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"Communication" Does Not Communicate

Posted Jul 30 2012 7:22am

How many workplace issues are introduced to you as, "We've got a communication problem?"

Communication is a catch-all phrase. It's  generic, socially acceptable, and really just sends the signal that someone wants to start a conversation. But it probably won't end up being about communication.

Psychologists and counselors refer to these kinds of introductory pronouncements as "presenting" problems." They're  a call for help when someone doesn't know what to do or may not even be aware of the real issue.

Unless you know the genuine issue, you can spend a lot of time creating an elegant solution for the wrong problem.

In organizations, communication is the #1  presenting problem.

Dogs The next time someone lays a communication issue on you, follow through with:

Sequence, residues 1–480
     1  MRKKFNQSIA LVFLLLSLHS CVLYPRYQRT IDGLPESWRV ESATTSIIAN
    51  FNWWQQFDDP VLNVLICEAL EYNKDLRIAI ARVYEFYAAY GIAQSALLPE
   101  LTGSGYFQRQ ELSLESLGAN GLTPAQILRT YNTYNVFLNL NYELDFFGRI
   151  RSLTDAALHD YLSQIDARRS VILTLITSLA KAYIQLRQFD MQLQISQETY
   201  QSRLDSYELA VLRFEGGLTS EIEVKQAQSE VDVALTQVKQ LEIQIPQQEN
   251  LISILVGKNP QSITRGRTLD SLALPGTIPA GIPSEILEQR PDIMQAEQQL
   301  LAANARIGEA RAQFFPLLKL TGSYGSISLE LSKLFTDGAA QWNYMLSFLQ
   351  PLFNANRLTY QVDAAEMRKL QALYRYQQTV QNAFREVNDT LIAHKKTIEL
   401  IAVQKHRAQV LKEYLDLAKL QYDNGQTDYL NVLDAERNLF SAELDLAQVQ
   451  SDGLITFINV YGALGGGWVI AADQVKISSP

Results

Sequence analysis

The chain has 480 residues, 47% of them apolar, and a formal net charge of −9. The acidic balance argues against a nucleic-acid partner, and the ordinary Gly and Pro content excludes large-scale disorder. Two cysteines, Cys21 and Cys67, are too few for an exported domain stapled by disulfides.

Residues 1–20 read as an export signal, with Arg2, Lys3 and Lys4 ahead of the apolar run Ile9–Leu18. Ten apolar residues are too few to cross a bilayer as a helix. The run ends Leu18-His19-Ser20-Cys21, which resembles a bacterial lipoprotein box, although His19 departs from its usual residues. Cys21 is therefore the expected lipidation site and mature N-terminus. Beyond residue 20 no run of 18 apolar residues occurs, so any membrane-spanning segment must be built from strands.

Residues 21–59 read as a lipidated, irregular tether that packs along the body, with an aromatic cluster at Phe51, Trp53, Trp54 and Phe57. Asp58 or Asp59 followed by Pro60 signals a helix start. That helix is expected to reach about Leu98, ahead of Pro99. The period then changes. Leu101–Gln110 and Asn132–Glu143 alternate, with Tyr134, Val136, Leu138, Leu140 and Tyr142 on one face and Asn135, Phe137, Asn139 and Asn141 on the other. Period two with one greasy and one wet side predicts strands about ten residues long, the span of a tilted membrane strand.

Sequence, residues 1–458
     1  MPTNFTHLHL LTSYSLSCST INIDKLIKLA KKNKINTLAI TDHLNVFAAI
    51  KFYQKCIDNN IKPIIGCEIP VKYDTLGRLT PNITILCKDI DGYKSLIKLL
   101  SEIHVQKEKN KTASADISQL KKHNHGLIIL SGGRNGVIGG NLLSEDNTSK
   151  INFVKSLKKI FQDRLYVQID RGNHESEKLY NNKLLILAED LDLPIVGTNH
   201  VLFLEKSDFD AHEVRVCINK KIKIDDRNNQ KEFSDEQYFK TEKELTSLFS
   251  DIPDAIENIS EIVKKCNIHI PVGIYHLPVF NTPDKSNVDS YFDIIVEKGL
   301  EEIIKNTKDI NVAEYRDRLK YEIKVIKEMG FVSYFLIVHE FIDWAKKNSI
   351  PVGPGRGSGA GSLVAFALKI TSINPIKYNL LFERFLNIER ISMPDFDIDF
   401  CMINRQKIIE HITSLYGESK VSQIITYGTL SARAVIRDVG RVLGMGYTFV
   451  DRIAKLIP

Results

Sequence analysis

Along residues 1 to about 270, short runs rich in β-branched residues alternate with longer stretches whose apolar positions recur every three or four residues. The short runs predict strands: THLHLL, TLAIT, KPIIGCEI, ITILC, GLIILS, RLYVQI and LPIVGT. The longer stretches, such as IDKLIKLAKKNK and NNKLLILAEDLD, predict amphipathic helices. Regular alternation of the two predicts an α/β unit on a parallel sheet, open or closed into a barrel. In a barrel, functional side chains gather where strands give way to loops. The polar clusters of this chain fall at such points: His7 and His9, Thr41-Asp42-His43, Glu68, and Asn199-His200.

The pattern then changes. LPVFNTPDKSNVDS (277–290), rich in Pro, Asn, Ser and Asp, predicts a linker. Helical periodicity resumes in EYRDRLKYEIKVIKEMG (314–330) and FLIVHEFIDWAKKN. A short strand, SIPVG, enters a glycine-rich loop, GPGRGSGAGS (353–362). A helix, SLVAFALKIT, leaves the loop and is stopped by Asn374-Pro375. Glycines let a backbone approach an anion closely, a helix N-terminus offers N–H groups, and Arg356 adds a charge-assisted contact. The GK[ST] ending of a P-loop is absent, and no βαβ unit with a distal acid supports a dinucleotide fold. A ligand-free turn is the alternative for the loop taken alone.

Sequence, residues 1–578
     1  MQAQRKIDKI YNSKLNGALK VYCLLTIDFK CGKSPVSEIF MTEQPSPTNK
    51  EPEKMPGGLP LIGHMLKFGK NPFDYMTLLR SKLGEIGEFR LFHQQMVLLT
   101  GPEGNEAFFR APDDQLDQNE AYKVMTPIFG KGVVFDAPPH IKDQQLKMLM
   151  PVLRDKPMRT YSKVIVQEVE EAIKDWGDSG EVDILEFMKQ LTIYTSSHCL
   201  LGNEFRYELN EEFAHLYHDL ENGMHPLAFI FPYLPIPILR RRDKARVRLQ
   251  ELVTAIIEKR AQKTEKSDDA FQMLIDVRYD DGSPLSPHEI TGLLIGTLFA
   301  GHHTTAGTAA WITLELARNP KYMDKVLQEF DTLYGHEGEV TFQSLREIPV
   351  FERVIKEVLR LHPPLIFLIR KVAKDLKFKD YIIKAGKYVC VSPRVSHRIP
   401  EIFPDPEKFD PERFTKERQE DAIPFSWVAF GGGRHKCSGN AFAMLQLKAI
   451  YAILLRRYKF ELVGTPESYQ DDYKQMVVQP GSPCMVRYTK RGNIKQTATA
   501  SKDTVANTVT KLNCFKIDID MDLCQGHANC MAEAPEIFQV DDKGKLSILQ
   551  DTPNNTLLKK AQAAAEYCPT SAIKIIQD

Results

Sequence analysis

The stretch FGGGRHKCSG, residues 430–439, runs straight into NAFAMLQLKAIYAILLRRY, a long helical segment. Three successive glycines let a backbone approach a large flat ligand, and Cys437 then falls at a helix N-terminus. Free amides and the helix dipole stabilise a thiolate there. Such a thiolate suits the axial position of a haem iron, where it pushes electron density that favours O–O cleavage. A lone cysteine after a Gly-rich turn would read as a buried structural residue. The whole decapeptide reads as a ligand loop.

"That sounds interesting. Help me out. Describe specifically what you see happening and why it's a problem."

You may discover that the Marketing group refused to follow guidelines from Research and ended up slightly misrepresenting a product.

You don't yet know the cause. But you do know the real situation and where to focus your energy.

How many presenting problems can you uncover today?

If you've got a favorite "presenting problem" story, toss it into the mix with a comment below. You may help someone else see how to probe and work on the right thing at the right time.

How about when " You Know The Words But Don't Understand the Meaning  ?" I recall an article my online friend Jackie Cameron wrote a while back that highlights a new communication challenge prompted by social media.


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